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The woes of winter weather are here

By Brad Spakowitz

November has already brought a bit of cold and snow, but it’s finally December, the official start of meteorological winter (December, January, February).  

You may recall from one of my previous articles, NOAA (National Oceanic and Atmospheric Administration) predicts a warmer, wetter winter here. 

I said I agree, it will probably be warmer, but I’d be surprised if it was much snowier than average. 

I stand by those thoughts – especially given recent weather trends, as the past three months have been incredibly dry, with barely more than one-third of the average precipitation for the period. 

Nevertheless, time will tell how this unfolding winter actually plays out. 

Winter positives

There are some things we can be reasonably sure of every winter here in Wisconsin: cold temperatures, some snow, some ice and, of course, slippery roads. 

But before we wander into the woes of winter weather, let’s talk about the good things winter brings. 

Foremost, the scenic beauty of the landscape, the snow smoothed simplicity brings serenity. 

Winter is also a wonderful opportunity to tackle indoor projects, or enjoy other indoor interests. 

If you’d rather be outside, take your pick of activities: hiking, snowshoeing, cross country skiing, downhill skiing, snowboarding, fat tire biking, snowmobiling, ice fishing, ice skating – the list is lengthy if you’re willing to bundle up and brave the cold.


And that’s where the winter woes begin, the cold air. 

Let’s be honest, for most, the cold air is the worst part of winter, and it creeps in everywhere. 

Even in the house you feel the colder air at your feet, you detect tiny drafts and you find yourself wearing more clothes. 

Outside of the house you shiver in the car until it warms up, and even when bundled in layers, eventually the cold numbs the fingers, toes and the nose.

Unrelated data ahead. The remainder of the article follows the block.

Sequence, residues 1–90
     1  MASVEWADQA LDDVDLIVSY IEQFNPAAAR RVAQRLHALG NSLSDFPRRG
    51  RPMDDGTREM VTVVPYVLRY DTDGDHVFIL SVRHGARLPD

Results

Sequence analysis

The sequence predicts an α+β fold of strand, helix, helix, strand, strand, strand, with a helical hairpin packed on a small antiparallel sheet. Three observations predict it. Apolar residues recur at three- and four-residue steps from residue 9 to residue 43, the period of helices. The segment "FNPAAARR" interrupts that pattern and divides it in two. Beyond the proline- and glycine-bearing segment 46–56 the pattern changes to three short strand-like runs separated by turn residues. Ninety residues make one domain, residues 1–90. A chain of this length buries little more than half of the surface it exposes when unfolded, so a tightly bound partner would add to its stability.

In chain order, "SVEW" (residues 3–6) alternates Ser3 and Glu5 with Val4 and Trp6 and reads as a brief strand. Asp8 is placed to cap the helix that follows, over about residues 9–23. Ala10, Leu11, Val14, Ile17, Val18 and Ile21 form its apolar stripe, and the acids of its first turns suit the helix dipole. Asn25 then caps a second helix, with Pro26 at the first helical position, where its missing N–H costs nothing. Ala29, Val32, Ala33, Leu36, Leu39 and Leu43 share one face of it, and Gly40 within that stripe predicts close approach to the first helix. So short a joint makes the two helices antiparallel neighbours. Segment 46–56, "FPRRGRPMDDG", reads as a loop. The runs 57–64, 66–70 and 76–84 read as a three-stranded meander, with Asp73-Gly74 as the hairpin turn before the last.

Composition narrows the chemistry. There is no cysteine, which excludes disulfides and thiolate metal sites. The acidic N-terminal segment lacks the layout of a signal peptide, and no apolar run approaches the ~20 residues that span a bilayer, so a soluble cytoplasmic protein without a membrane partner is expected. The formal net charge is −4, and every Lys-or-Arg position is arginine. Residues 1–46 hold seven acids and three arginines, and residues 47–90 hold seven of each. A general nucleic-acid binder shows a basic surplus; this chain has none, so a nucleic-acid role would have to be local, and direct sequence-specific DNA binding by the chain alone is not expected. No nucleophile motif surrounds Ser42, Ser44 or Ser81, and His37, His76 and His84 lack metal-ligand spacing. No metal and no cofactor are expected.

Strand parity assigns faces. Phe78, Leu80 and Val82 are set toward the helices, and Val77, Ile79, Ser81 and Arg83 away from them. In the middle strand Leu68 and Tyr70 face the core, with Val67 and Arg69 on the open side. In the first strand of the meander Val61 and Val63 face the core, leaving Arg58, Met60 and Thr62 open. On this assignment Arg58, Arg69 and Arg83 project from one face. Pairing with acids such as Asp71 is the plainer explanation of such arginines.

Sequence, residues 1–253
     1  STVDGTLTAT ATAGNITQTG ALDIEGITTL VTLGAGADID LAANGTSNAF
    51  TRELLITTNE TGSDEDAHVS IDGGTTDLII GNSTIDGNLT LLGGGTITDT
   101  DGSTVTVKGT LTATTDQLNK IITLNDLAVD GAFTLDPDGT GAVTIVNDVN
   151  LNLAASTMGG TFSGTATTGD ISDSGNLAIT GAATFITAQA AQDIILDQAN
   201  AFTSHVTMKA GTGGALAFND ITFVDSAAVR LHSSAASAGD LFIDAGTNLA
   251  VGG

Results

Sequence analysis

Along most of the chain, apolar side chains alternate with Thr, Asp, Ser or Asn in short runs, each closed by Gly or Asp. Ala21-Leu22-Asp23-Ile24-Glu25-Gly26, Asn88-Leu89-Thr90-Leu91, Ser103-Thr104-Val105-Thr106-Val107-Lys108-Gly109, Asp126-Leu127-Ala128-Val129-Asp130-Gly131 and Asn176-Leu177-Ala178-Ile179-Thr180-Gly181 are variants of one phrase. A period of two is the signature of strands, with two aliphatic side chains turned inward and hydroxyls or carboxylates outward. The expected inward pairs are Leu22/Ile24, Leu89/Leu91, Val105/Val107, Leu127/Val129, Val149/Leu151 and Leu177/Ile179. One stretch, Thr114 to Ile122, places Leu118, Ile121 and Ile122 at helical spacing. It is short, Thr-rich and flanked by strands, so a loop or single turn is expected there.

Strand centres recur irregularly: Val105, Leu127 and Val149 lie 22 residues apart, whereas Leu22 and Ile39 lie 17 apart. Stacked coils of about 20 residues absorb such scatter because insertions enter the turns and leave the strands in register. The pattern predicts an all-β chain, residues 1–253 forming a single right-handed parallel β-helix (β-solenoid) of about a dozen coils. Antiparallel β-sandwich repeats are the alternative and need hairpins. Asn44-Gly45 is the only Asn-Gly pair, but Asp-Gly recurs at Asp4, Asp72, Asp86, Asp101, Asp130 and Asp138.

Worse yet, when cold is combined with wind, it can be dangerous and potentially life-threatening. 

According to NOAA, of the injuries and deaths related to exposure to cold, 50% are people over 60 years old, more than 75% are male and shockingly, about 20% occur in the home. 

Onto snow and ice.

Even just a little bit is slippery for feet and tires, and what would otherwise be a quick short excursion is now slow, and an exercise in caution and patience.

Worse yet, major winter storms bring traffic to a near standstill, disrupt commerce and pretty much shut down the town.

Adding to the misery, blowing and drifting can continue long after the snow has stopped falling, keeping roads snowy and sometimes delaying clean-up, or worse yet, requiring repeated clean-up.

In fact, when it comes to snow, it’s the clean-up that most people dread, especially if you have to shovel by hand.

But even if you have a snow blower, moving snow gets real old, real quick in active winters, as you have to start planning your life around snow removal, unlike the once-a-week mowing of the lawn in the summer.

And that’s the thing about winter, the snow and cold bring a certain inconvenience to the pace of daily life.

Time is spent putting on and taking off layers of clothes, it takes longer to get places, you have to pay closer attention to road conditions, travel plans are often subject to change, all courtesy of the weather.

It’s all part of the woes of winter weather, and it’s all on the way.

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